(L to R) Jr. Miss Cherokee Chelbie Turtle, Cherokee Nation Deputy Chief S. Joe Crittenden, Cherokee National Treasure honorees David Comingdeer, Eddie Morrison, John Ross Jr. and Clesta Manley, Principal Chief Bill John Baker and Miss Cherokee Sunday Plumb.
TAHLEQUAH, Okla. — The Cherokee Nation honored 16 citizens and four community organizations who made significant contributions over the past year during Thursday night’s 2014 State of the Nation Awards Banquet.
Principal Chief Bill John Baker awarded four artisans as Cherokee National Treasures. He also presented four individuals with Cherokee National Statesmanship awards, including Keith Harper, recently the first Native American appointed to serve as the U.S. Representative to the United Nations Human Rights Council.
Four World War II veterans received Cherokee National Medal of Patriotism awards and four individuals and four organizations received Cherokee National Community Leadership awards.
“Our 2014 awardees all exemplify the values that we hold dear as Cherokee people and they advance our culture in their respective disciplines,” said Cherokee Nation Principal Chief Bill John Baker. “Each and every one of these honorees deserves our deepest respect and gratitude. Their positive influence propels us all, as Cherokee people, forward.”
John Ross Jr., of Fort Gibson, who works for the tribe doing projects to translate Cherokee onto products for Microsoft and Google, was named a Cherokee National Treasure.
“I am really honored to be able to speak the language and preserve it for the tribe,” Ross said. “That’s my goal, to preserve it and teach it to the children so they too can preserve the language through speaking, reading and writing our native language.”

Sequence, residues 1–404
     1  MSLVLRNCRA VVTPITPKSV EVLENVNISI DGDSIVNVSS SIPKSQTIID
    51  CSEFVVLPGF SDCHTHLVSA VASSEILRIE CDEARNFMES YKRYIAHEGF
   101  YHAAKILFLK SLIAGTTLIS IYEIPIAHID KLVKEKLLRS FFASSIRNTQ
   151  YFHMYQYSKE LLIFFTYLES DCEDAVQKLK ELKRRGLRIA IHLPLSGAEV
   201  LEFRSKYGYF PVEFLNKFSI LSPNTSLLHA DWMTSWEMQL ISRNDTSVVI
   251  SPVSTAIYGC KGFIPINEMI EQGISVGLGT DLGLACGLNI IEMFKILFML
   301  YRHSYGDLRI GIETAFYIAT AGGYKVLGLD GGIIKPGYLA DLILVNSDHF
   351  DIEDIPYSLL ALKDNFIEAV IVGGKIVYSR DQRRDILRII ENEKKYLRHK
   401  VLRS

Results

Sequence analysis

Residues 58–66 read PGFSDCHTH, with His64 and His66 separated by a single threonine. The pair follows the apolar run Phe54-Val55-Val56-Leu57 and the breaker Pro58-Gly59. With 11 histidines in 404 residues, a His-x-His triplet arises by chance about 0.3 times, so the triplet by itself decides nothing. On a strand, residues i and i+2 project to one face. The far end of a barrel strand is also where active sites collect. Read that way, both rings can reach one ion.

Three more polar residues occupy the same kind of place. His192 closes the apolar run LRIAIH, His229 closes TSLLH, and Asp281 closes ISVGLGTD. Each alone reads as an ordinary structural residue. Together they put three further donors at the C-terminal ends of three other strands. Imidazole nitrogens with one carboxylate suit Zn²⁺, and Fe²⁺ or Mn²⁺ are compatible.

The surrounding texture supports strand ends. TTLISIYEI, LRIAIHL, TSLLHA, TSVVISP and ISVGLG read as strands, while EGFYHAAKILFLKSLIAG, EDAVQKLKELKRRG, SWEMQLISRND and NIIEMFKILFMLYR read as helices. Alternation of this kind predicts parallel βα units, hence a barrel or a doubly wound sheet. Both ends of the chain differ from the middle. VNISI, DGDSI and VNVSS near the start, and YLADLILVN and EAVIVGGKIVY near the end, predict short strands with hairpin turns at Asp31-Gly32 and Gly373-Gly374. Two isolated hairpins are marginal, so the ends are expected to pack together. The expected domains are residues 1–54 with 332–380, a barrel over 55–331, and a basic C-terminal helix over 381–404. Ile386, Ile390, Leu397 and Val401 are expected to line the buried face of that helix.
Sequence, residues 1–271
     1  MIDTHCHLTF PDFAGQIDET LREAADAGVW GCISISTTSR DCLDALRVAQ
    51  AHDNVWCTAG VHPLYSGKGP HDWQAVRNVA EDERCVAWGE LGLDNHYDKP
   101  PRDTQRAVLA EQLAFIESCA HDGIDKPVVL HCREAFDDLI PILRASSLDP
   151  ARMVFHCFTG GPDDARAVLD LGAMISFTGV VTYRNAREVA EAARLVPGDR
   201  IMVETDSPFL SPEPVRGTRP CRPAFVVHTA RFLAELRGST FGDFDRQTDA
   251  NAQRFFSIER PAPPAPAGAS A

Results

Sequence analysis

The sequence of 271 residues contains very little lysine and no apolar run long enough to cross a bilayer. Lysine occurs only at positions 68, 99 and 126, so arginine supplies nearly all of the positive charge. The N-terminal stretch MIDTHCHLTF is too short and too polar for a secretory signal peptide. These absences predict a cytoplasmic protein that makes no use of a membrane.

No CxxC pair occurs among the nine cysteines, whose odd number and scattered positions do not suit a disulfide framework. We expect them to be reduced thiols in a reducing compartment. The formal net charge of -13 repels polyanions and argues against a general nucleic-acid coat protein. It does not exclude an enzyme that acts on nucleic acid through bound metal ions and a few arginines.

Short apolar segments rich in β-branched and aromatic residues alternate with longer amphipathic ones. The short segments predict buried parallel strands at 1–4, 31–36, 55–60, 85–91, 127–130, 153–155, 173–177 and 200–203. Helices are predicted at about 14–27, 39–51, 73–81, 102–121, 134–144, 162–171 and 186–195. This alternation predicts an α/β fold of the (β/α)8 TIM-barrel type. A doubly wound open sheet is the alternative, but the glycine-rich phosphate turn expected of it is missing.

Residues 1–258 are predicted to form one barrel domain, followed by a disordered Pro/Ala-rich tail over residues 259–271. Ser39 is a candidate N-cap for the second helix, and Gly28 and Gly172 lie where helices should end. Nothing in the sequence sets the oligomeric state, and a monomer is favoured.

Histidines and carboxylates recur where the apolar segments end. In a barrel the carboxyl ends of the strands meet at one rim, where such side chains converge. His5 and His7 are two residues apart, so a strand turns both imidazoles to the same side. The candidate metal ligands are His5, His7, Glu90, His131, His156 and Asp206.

All honorees received a medal and plaque, and the four veterans also received a United States flag flown over the U.S. Capitol building from U.S. Rep. Markwayne Mullin.
The 2014 State of the Nation Awardees are as follows:
Cherokee National Treasure Award
Ross Jr., for preserving the Cherokee culture and language. Ross serves as chairman of the Ethnobotony Publications board, which focuses on Cherokee cultural-environmental issues. He serves on the Cherokee Elders Council and received the Perry Aunko Indigenous Language Preservation Award from the Greater Tulsa Area Indian Affairs Commission.
David Comingdeer, of Stilwell, for his skilled crafting of stickball sticks. The sticks are made by hand from hickory wood. He is a member of the Echota Ground, where he holds the seat of head chief.
Clesta Manley, of Claremore, for sharing Cherokee culture and art with the Indian Women’s Pocahontas Club where she encourages members to learn more about history and culture. She has juried shows at Gilcrease and Philbrook art museums and received a grant to paint in Italy from University of Tulsa Art Department.
Eddie Morrison, of Tahlequah, for his contemporary sculpting work in wood and stone. His work sculptures are often created of red cedar and Kansas limestone. His works are featured at the Department of Interior building in Washington, D.C., and throughout the country.
Cherokee National Statesmanship Award
Keith Harper for serving as the U.S. Representative to the United Nations Human Rights Council. He is the first member of a federally recognized tribe to serve at the U.S. Ambassador level.